Australian F1 driver Daniel Ricciardo took his eighth win; ending a nine-year drought for McLaren at the Italian Grand Prix.
The race, which was held at the historic Autodromo Nazionale Monza racing track, saw the 32-year-old triumphant once again after his last win at Monaco in 2018.
On his return, the driver sat down with McLaren.com to reflect on a magical weekend at Monza.
So, eight-time grand prix winner, McLaren race winner, sexiest man alive. Daniel Ricciardo, what's going through your mind right now?
I don’t know if I look that sexy right now. [Laughs.] I’m still very sleep deprived… need a haircut, need a shave. But I feel… I feel good. I feel really good.
I feel pretty fulfilled right now. It’s been a while since I was on the top step. I’m sure a lot of people thought I wouldn’t get back there so that makes this win even sweeter. But for McLaren, it’s been nine years. Nine years! I thought three years for me was a long time to wait, but McLaren has waited for nine. That’s crazy. To contribute to ending that wait, to help put a smile on everyone’s face, that’s what’s made me most happy.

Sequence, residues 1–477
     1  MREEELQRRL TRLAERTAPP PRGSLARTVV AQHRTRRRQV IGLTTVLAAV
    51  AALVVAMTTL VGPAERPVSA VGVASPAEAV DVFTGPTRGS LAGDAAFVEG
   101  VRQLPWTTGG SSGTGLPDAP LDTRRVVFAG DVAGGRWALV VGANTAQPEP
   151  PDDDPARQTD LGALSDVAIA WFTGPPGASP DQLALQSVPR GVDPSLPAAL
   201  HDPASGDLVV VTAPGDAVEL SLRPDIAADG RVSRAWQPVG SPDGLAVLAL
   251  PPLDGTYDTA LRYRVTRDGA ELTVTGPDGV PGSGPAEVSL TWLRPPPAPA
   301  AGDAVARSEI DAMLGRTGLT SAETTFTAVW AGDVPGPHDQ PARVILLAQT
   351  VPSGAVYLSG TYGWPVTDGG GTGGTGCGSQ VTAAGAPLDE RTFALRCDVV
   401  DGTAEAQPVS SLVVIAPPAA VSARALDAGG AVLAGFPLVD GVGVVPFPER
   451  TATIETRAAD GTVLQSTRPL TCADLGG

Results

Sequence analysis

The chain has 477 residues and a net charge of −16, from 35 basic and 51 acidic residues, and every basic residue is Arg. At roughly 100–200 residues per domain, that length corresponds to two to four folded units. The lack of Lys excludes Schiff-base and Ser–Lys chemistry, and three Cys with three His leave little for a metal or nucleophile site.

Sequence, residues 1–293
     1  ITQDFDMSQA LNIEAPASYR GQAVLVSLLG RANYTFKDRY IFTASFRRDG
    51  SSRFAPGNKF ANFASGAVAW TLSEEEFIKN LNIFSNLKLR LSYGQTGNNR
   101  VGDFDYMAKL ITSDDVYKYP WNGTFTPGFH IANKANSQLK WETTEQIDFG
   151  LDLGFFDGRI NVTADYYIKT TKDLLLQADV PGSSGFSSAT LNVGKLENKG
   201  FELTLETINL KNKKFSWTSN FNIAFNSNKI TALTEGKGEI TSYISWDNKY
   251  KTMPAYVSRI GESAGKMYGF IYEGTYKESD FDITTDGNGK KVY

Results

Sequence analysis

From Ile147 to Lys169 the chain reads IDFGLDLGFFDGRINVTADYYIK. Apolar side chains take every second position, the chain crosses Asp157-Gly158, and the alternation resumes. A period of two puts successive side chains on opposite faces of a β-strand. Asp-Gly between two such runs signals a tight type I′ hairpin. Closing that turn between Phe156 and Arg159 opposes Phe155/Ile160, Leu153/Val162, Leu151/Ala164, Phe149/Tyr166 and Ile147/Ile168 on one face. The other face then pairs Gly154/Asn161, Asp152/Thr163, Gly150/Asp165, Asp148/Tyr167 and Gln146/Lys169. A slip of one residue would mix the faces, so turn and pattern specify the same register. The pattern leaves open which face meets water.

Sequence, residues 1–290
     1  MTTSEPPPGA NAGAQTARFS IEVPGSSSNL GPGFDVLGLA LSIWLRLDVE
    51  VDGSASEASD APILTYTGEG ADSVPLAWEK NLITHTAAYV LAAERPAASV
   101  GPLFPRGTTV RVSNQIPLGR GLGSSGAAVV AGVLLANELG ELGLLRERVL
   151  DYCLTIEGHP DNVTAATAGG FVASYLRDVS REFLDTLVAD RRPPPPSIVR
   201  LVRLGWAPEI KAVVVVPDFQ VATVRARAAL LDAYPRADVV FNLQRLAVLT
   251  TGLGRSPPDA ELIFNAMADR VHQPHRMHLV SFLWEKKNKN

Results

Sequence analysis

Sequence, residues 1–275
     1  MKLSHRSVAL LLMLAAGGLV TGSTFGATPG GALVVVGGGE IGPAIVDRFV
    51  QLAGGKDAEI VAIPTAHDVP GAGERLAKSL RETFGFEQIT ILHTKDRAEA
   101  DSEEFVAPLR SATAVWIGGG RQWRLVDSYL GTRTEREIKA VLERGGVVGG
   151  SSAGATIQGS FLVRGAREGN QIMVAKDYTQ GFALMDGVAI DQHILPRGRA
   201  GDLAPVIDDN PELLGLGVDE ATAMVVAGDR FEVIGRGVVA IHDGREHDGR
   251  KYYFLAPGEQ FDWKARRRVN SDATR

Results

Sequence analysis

"I came to McLaren to win." Those are your words. But how did you actually do it?
Look, everyone knows it’s been a challenging year for me, probably the most challenging of my F1 career, but there was something… I definitely took something from August, from the break, just getting away for a bit. I needed that. I needed to step away, to get a bit of distance and, through that, gain a little perspective.
Coming into the Italian Grand Prix, I was, and I know it’s easy to say it now but anyone who watched the weekend unfold will know, there was something about me that was kind of like a man possessed. And I don’t always show that in interviews but, behind closed doors, I was as hungry as I’ve been in a very long time. I realised early on that this weekend was an opportunity. I was sick of sucking all year and I was just like, “Yeah, let’s go!”
So how do you stay cool under the pressure? Or, maybe you don't want to?